Joshua Msika

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since Jun 06, 2010
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Recent posts by Joshua Msika

About nine months ago I started something that I've heard a lot about: no shampoo or soap in the shower. I've been having really excellent success with it. And, I think it cuts more than half the time off of my showers.

I'm glad I'm not the only one . Works fine.
12 years ago
I just go to the blog to check out your latest podcasts and listen to them online. I don't have enough disk space on my (cheap) netbook to download all the episodes. And frankly, some aren't as interesting as others anyway...

I recently listened to the one you did with Skeeter, loved it. What a great guy. The Geoff Lawton ones were also pretty special, some of the things he said resonated quite deeply.
If Paul (or someone he can interview) has any experience of anaerobic digesters for methane production I'd love to hear about it. Seems to me that biogas is part of the energy future and thus quite important for permaculture.
sweet chestnuts: great, tall majestic trees that produce a staple food equivalent to corn in nutrition and yield. I've got two in the ground at my parents' place. They might feed me when I'm 50...

Come on Paul, more trees! Trees are awesome!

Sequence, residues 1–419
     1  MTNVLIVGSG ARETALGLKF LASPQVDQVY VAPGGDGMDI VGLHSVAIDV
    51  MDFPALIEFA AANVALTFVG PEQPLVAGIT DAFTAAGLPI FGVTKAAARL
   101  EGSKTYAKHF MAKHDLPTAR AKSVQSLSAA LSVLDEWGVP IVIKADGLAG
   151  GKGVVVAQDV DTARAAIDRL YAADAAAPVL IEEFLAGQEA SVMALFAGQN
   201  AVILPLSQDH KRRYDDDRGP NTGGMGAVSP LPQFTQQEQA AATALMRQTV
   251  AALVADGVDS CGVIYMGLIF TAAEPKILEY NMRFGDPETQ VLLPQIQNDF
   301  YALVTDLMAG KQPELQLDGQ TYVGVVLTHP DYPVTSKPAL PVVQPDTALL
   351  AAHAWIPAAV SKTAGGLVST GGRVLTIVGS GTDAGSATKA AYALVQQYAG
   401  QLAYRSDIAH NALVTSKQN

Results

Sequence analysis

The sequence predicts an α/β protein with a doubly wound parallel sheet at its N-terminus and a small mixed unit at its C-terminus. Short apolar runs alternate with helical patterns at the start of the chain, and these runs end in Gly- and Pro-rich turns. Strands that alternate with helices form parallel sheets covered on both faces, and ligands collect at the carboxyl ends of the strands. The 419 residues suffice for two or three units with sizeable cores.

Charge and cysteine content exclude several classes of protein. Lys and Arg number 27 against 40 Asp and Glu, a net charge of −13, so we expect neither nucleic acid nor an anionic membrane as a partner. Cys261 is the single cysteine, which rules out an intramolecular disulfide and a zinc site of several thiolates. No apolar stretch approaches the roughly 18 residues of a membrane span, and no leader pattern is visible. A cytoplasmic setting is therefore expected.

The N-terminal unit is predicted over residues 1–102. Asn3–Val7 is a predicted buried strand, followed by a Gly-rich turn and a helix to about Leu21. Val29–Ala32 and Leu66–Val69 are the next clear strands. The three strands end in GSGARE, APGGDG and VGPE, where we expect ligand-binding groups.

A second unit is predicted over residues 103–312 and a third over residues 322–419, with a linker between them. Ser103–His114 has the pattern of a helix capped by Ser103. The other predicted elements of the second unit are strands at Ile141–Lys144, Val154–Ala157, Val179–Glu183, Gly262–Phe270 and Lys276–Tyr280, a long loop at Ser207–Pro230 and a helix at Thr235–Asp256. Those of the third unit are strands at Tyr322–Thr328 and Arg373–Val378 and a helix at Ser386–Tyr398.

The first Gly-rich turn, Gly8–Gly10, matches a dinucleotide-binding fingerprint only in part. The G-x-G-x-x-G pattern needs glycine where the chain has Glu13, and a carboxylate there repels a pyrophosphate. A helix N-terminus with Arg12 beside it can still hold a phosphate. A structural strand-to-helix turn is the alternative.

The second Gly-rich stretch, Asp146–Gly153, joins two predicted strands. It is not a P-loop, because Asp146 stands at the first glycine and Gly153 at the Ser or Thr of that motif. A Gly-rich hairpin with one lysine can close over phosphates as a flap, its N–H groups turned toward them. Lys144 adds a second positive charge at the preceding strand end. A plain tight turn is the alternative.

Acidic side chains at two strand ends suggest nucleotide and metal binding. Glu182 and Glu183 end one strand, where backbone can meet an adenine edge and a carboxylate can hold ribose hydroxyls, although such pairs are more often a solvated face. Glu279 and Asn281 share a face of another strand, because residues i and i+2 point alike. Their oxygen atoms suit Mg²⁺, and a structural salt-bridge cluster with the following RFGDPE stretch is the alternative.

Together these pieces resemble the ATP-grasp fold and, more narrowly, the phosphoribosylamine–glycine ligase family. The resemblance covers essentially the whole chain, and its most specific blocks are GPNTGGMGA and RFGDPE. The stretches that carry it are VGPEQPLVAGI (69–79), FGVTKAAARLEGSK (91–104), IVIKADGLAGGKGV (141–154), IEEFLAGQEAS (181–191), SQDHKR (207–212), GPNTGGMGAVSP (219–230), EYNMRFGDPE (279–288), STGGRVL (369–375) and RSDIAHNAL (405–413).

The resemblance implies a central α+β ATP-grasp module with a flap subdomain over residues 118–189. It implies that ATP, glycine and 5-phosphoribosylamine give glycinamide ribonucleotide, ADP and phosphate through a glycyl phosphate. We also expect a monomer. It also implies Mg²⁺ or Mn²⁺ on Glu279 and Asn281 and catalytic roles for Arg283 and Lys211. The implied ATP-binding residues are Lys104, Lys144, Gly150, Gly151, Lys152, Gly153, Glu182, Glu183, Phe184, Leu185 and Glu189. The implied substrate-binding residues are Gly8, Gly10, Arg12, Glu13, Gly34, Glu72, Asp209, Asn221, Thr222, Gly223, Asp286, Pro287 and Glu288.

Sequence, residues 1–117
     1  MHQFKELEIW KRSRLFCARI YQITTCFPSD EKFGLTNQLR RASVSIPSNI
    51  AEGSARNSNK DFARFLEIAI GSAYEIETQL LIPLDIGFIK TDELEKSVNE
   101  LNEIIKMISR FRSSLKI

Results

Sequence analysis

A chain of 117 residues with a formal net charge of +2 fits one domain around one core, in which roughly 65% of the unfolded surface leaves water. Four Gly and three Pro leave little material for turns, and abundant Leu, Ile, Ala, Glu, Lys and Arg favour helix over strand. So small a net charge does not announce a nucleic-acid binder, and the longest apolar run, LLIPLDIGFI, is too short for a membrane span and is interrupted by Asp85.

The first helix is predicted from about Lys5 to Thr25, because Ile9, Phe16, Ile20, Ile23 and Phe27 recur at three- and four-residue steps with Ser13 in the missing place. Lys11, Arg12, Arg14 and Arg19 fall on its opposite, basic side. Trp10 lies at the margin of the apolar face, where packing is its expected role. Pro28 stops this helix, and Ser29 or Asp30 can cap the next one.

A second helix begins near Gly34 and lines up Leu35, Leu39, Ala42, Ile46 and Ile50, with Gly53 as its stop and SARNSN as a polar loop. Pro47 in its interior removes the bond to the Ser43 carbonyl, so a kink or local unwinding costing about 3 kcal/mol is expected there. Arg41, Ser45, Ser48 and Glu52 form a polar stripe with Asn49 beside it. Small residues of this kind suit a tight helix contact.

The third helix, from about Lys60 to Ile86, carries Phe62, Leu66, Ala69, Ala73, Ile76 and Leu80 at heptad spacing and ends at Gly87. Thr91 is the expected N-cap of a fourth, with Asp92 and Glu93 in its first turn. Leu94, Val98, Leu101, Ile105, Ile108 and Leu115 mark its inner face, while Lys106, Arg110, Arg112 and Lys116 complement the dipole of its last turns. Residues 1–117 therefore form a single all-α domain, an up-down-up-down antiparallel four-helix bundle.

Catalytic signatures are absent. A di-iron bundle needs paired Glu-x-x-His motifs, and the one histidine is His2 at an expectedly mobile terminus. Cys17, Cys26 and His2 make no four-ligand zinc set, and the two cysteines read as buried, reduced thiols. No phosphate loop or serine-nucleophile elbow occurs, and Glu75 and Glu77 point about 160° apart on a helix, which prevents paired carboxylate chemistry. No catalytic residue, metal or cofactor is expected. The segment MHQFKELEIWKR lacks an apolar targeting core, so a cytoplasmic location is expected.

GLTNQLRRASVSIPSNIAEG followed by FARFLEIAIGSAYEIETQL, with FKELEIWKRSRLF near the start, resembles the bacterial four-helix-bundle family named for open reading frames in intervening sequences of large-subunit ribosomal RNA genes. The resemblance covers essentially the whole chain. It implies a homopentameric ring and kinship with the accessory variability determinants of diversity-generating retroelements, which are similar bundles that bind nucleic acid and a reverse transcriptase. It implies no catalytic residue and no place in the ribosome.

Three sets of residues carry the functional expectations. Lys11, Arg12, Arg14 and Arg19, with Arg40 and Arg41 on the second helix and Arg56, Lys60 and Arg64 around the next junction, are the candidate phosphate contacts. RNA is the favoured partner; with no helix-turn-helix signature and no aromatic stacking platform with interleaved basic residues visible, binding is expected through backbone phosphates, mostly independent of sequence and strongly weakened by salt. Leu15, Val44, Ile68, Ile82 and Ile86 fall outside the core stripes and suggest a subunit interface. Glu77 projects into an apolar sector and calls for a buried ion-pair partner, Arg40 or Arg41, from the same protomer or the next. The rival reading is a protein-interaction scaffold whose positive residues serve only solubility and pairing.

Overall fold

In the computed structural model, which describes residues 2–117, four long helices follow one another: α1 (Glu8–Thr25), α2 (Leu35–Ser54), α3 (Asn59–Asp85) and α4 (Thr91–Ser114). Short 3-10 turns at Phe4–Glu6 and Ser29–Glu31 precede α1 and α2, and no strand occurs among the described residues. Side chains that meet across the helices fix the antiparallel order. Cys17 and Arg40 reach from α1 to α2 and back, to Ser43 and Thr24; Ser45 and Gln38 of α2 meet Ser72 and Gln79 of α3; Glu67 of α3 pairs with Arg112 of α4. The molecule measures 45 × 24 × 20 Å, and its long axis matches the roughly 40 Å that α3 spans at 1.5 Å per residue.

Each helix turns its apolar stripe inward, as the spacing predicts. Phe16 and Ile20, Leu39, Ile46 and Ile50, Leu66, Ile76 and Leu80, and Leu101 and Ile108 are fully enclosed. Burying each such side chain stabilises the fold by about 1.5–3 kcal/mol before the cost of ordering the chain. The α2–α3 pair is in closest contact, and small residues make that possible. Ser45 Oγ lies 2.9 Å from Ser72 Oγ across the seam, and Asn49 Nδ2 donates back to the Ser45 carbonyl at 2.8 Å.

12 years ago
I just bought the Designer's Manual, hard copy. £70. Ouch.

I have on my computer a scanned copy of it. It was sent to me by a friend and the temptation was so great that I couldn't resist downloading it. I'd resisted the temptation to do just that for the past 7 years. But it was right there, available, and I was weak...

When I started reading it, I felt amazing: I was having a conversation about permaculture and its implications with someone who had thought about it for far longer than I have. My brain hurt because it was so good.

Listening to the interview with Geoff Lawton today reminded me that there is nothing I care more about than spreading permaculture. That there are people like him and Bill Mollison who do it much better than I do. That I owe them something for the ideas they have given me. That I had an unpaid-for copy of Mollison's book. That the said book is absolutely mind-blowing. That I'm a student, I'm supposed to buy books. That I'm on a scholarship and I can afford books.

That's why I bought the book. Just thought I'd share that with the forums.
12 years ago
Jen, the biogas and composting combo was all I was talking about. This:

I guess the principle behind the sugar palm's success is a high sugar content sap produced year-round. The limiting factors are:
- The proportion of the year that a plant actually has leaves to photosynthesise.
- The proportion of sugars that go towards growth.
- The availability of water for photosynthesis.
- The temperature variations of the environment. Every plant has an optimal temperature for photosynthesis.

I think the optimal combination of those factors can only exist in the tropics. In other areas you'd have to look for different opportunities rather than trying to emulate an inappropriate solution.